Seniors often develop a fear of falling. For some, it is the result of already having suffered a fall. For others, it is because an older adult close to them has been seriously injured during a fall. Whatever the reasons, it’s not an unfounded fear. Falls are the leading cause of fatal and non-fatal injuries among older adults.
According to the National Council on Aging, one in four adults over the age of 65 will experience a fall each year. That translates to a senior being treated in an emergency room for fall-related injuries every 11 seconds. An older adult might think they can lower their risk of falling by moving less and sticking closer to their favorite spot on the couch. But a sedentary lifestyle has just the opposite effect.
Inactivity leads to a decrease in muscle mass and core strength. That makes it more difficult to maintain balance, which puts the senior at increased risk for falls. One habit people can adopt to help them avoid frailty and falls is taking a daily walk. Research seems to indicate it can help seniors improve strength and balance.
Walk Your Way to a Lower Fall Risk
A research paper titled Effect of Structured Physical Activity on Prevention of Major Mobility Disability in Older Adults, published in the Journal of the American Medical Association in January 2014, reports the results of a clinical trial that explored how stretching and walking affect disability and the rate of falls. The two-year long study involved over 1,600 people between the ages of 70 and 89.
- Participants were sedentary seniors, but each was still able to independently walk one-quarter of a mile.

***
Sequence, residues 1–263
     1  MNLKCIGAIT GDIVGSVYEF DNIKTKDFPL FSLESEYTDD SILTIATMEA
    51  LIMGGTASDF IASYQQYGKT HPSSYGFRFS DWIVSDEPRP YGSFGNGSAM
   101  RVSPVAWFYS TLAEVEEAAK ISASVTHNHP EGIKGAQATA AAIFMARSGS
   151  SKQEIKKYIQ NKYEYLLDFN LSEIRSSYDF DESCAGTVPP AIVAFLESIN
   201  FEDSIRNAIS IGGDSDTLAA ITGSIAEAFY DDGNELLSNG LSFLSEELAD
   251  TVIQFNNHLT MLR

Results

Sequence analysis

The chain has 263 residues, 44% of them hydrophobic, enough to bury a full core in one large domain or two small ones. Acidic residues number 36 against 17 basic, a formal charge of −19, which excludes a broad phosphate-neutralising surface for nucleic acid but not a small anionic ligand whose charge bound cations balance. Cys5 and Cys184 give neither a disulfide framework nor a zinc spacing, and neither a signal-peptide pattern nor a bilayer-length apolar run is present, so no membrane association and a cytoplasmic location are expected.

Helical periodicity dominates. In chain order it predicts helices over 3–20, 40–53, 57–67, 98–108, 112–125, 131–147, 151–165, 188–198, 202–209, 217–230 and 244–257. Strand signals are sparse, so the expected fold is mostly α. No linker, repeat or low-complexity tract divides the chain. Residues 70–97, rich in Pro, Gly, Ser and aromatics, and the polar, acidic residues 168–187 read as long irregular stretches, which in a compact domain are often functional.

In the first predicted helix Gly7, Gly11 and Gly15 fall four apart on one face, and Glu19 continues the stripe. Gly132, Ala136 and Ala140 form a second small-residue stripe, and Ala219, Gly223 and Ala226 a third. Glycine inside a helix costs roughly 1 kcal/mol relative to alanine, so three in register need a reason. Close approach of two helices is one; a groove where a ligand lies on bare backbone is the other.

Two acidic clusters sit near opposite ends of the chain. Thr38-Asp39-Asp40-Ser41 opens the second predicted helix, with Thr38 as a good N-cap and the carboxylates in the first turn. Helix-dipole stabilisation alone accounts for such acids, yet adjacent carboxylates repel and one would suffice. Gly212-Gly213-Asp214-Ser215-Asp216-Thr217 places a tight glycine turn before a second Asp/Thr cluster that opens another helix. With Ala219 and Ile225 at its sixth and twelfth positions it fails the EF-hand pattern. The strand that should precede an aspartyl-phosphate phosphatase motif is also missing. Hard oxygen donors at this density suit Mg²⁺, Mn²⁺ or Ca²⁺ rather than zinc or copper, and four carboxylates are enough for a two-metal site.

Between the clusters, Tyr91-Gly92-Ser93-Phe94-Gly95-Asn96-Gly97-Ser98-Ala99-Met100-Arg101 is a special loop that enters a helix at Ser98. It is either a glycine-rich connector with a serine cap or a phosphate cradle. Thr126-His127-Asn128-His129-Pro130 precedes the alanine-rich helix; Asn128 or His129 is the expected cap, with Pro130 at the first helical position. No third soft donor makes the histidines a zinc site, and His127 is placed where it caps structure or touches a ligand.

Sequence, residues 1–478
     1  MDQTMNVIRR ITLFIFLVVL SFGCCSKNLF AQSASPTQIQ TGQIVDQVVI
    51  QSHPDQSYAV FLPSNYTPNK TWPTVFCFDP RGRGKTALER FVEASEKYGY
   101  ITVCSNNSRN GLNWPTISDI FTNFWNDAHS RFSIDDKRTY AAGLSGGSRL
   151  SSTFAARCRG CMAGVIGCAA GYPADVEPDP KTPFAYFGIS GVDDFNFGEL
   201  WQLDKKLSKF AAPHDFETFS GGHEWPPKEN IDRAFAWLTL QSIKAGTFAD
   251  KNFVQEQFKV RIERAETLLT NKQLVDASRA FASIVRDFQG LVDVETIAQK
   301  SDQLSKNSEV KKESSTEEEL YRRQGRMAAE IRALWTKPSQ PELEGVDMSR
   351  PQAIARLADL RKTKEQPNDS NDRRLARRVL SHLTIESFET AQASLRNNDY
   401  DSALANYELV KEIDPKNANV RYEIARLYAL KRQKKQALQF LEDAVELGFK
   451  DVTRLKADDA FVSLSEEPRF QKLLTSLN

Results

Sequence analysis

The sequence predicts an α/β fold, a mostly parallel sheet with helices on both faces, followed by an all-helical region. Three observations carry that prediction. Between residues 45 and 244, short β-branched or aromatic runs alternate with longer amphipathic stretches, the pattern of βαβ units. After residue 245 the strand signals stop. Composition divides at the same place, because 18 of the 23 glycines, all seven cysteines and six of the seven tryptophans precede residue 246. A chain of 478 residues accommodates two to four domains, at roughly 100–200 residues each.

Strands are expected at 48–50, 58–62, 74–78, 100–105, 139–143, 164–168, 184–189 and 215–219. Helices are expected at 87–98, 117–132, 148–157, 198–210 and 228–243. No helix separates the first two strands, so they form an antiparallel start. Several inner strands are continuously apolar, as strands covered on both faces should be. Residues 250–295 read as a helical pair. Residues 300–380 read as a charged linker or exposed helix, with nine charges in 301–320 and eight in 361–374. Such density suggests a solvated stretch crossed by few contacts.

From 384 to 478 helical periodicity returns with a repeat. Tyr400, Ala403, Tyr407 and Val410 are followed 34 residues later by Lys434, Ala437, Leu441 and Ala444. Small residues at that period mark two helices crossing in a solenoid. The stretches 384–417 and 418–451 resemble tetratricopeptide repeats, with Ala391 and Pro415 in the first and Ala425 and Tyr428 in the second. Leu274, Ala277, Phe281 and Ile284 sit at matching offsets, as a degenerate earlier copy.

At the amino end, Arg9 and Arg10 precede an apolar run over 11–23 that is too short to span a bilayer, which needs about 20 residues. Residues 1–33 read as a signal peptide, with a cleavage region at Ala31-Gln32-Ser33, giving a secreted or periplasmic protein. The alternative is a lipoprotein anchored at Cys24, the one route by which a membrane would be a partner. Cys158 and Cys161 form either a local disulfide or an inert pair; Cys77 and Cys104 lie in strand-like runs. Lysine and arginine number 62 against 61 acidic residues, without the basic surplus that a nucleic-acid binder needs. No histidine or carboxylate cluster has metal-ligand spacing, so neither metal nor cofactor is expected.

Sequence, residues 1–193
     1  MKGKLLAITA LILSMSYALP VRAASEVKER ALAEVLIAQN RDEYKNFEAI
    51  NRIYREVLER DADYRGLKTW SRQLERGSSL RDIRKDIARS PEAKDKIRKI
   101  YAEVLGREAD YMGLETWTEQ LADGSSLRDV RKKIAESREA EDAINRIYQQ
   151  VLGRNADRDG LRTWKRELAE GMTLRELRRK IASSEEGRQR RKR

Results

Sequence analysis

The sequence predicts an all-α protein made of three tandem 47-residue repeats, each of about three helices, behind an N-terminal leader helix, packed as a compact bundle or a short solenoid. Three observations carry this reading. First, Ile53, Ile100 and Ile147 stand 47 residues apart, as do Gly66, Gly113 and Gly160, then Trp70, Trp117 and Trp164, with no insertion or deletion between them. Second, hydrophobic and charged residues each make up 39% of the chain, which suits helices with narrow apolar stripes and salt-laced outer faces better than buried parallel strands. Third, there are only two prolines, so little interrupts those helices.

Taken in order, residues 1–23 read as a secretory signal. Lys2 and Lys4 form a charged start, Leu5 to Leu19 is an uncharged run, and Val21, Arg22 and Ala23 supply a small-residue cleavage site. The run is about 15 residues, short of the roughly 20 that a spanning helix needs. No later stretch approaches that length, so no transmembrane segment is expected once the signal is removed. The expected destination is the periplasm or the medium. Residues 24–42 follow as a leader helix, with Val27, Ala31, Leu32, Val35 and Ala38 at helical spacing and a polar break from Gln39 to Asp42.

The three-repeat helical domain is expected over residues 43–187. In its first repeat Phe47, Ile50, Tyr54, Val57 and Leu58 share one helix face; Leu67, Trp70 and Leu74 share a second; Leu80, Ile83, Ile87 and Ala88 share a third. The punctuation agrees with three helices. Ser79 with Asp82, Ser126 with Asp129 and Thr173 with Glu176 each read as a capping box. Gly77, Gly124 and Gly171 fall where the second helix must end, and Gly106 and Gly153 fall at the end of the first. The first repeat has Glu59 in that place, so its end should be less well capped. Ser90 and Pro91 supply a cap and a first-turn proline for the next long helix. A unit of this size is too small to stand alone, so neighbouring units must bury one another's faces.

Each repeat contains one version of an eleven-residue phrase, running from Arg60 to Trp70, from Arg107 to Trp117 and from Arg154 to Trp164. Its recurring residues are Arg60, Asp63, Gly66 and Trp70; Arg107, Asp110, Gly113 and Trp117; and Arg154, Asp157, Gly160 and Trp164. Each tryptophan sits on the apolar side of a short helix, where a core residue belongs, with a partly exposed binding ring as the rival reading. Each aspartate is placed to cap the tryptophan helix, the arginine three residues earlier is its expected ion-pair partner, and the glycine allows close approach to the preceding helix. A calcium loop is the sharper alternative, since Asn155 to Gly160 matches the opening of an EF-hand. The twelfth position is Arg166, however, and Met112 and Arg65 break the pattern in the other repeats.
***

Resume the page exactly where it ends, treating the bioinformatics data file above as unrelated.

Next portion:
- Once enrolled, every participant attended monthly healthy aging education classes at the research center.
- In addition to the monthly classes, a subgroup of randomly chosen participants also met twice a week for stretching exercises and walking. They completed three more hours of exercise at home each week.
While there was no definitive conclusion, the results were promising. At the end of the trial, the subgroup participants were 18% less likely to have suffered any short-term physical disability and 28% less likely to have experienced a permanent disability.
When you add this information to the benefits of walking that are already known, such as weight management and a stronger immune system, it’s more obvious than ever that walking is a good way for seniors to stay fit.
How to Start Walking for Fitness
If you or a senior in your life wants to try walking for improved health, the first step should be to schedule an appointment with your family doctor. Getting their approval to begin this or any other type of exercise is important, especially if you’ve been sedentary for a while.
Another tip is to select a walking program that is a good fit for your lifestyle. It can help you stay safely on track with your fitness goal. Two to explore are:
- 12-Week Walking Program: You can ease into walking with the help of this 12-week program created by the National Heart, Lung, and Blood Institute. The program even includes warm-up and cool-down recommendations. Walkers can also target milestones that increase each week over the 3-month period.
- 6-Week Beginner Walking Plan: This free download from the American Heart Association is another great tool. It starts at just 10 minutes of walking and builds up to 30 minutes over 6 weeks.
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